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View Diary: Genome Redacted? (48 comments)

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  •  What's the difference between this and (1+ / 0-)
    Recommended by:
    Larsstephens

    discovering a new species in the wild and then patenting it?

    •  Do you have a non-obvious use for (0+ / 0-)

      the new species?

      If you do, you can patent that as well if you discover it and make a compelling case to the patent office.

      For example, the BRCA gene that the ACLU is all worked up about is not patented per se, what is patented is the use of this gene in a medical diagnostic assay.  

      •  If I discover a new species, (1+ / 0-)
        Recommended by:
        DawnG

        then all its uses are new.

        •  No, not necessarily (0+ / 0-)

          the first use that you, as a person (I assume) would likely come up with would be to eat the new species . . . .

          Based on the history of humankind of eating pretty much anything, that is a completely obvious use of the new species and would not be patentable.

          •  I don't think that you know anything about this. (1+ / 0-)
            Recommended by:
            Larsstephens
          •  let's take an example from the real world. (5+ / 0-)

            This kid in Canada (14 I think) does a science fair experiment where he discovers a microorganism capible of eating plastic.

            Why should he be able to obtain a patent on that microorganism when it exists in nature?  The kid didn't change the organism to enable it to eat plastic, he just discovered that it does.  I can understand patenting a specific process that uses that micro oranism to break down plastic, but you can't patent the organism ITSELF.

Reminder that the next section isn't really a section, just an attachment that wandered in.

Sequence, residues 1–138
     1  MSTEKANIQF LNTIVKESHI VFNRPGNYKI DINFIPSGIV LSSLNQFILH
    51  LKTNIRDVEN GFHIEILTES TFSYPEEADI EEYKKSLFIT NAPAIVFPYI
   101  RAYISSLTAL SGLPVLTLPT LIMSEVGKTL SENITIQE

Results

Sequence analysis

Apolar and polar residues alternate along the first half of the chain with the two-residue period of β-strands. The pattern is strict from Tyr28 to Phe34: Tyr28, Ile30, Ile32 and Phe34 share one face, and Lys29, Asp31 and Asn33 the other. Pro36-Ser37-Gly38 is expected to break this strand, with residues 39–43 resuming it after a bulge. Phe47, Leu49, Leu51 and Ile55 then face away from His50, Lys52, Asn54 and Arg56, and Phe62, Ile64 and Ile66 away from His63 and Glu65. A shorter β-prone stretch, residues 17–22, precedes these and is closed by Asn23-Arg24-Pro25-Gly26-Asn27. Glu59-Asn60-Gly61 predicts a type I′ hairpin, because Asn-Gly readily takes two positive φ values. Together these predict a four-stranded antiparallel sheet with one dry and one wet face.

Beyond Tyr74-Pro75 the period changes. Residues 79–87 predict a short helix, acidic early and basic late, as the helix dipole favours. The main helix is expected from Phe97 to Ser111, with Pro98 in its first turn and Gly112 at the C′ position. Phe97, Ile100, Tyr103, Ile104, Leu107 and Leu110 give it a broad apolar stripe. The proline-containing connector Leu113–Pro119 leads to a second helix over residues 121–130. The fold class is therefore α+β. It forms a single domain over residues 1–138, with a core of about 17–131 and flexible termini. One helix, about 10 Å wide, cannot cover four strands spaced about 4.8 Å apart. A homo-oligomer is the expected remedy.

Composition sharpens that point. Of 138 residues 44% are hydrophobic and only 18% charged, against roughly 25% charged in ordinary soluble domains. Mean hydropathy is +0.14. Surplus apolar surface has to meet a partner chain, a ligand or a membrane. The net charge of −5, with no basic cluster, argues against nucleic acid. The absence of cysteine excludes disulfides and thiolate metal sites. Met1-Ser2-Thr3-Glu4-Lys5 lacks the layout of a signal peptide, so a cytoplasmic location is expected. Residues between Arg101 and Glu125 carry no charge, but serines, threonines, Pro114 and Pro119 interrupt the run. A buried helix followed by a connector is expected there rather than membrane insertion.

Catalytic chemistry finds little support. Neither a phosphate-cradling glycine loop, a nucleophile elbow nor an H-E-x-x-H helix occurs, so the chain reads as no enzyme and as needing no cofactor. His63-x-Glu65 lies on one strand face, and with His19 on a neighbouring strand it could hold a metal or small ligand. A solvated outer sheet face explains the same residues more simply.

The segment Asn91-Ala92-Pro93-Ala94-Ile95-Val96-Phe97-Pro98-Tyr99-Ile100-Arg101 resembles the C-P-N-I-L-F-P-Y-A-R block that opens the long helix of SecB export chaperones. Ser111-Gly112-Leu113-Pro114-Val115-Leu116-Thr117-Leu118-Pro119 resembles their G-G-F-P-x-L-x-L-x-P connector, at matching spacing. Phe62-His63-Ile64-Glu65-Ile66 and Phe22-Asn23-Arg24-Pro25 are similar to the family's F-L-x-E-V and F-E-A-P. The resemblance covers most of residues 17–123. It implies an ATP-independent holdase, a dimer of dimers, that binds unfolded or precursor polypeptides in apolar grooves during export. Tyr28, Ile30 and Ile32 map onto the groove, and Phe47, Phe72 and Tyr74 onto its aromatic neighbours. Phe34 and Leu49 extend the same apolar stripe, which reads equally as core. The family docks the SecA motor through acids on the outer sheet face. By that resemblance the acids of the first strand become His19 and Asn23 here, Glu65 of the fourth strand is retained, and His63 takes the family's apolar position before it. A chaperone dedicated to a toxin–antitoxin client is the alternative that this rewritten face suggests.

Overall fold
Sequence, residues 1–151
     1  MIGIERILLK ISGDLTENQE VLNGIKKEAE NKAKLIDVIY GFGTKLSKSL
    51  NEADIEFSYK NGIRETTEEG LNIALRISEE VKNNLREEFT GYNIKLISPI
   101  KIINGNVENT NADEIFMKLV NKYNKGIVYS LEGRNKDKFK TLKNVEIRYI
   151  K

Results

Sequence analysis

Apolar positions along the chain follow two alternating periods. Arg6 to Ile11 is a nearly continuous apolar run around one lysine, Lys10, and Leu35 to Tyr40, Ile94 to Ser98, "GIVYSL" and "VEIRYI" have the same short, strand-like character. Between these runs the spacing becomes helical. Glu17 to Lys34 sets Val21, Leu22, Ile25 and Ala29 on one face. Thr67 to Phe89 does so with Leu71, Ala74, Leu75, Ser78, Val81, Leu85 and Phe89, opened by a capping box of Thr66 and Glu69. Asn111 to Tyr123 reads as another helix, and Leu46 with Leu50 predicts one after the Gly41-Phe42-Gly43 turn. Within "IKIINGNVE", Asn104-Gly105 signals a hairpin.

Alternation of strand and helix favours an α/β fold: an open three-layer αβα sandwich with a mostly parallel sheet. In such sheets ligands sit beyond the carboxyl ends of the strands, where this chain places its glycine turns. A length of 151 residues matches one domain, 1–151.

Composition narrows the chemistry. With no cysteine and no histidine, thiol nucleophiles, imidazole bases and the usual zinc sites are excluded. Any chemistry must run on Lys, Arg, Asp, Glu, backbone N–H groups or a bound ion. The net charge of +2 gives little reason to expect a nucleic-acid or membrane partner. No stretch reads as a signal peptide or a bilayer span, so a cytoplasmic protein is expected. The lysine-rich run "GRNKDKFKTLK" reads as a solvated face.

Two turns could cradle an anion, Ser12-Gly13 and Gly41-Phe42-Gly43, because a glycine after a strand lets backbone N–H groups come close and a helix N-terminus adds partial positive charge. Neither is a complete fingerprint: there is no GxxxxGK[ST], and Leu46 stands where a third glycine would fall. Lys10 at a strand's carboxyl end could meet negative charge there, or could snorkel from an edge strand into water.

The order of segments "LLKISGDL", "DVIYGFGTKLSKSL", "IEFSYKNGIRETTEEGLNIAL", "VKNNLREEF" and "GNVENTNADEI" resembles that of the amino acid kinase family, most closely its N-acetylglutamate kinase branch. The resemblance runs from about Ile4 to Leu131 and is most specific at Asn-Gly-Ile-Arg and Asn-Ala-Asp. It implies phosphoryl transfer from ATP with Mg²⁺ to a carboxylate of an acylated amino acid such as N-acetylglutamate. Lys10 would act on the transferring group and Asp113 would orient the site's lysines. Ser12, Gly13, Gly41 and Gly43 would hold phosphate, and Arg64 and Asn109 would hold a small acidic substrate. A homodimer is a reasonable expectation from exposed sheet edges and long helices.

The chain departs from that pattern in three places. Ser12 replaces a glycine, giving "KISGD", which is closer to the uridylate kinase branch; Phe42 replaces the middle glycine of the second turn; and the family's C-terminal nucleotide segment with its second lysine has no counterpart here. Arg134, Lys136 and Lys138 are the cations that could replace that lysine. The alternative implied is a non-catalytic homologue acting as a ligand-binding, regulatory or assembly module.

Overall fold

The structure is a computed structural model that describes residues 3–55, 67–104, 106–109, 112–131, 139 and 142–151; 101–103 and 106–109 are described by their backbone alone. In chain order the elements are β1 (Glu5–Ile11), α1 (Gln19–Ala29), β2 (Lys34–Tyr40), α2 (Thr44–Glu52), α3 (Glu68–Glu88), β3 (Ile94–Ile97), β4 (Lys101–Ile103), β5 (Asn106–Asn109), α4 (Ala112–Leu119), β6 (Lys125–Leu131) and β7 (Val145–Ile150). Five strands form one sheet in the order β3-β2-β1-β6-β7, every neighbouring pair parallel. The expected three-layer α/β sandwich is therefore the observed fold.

Surely.

            Right?

            You are entitled to express your opinion. But you are NOT entitled to agreement.

            by DawnG on Tue Aug 18, 2009 at 03:48:09 PM PDT

            [ Parent ]

            •  That's pretty much exactly right (0+ / 0-)

              the kid can patent the use of the microorganism for eating plastic . .. . and like you say, not the bug itself.

              That's the same situation with patenting genes - for example the BRCA gene the ACLU is riled up about - the gene itself is not patented in any usual sense of the word, what is patented is the use of the gene in a medical diagnostic assay.

              If you are able to isolate this very same gene from your body and show that it can power race cars - for example - that's a completely different application and you almost certainly could patent that notwithstanding the previous patent wrt cancer detection.

              •  the kid can patent... (3+ / 0-)
                Recommended by:
                Roadbed Guy, OHdog, Larsstephens

                ...a specific process of using the mircoorganism, but surely can't patent all "plastic eating" uses for it.

                That'd be like patenting a goat for general use in weed control.  Goats eat weeds.  It's what they do in nature. Why is it you can patent what an organism naturally does?

                it doesn't make sense to me.

                You are entitled to express your opinion. But you are NOT entitled to agreement.

                by DawnG on Tue Aug 18, 2009 at 03:59:42 PM PDT

                [ Parent ]

                •  I suspect that if you were the first (1+ / 0-)
                  Recommended by:
                  Mike S

                  person to discover that a goat ate weeds, you might be able to patent that and raise herds of goats to compete with your local gasoline powered lawn control experts.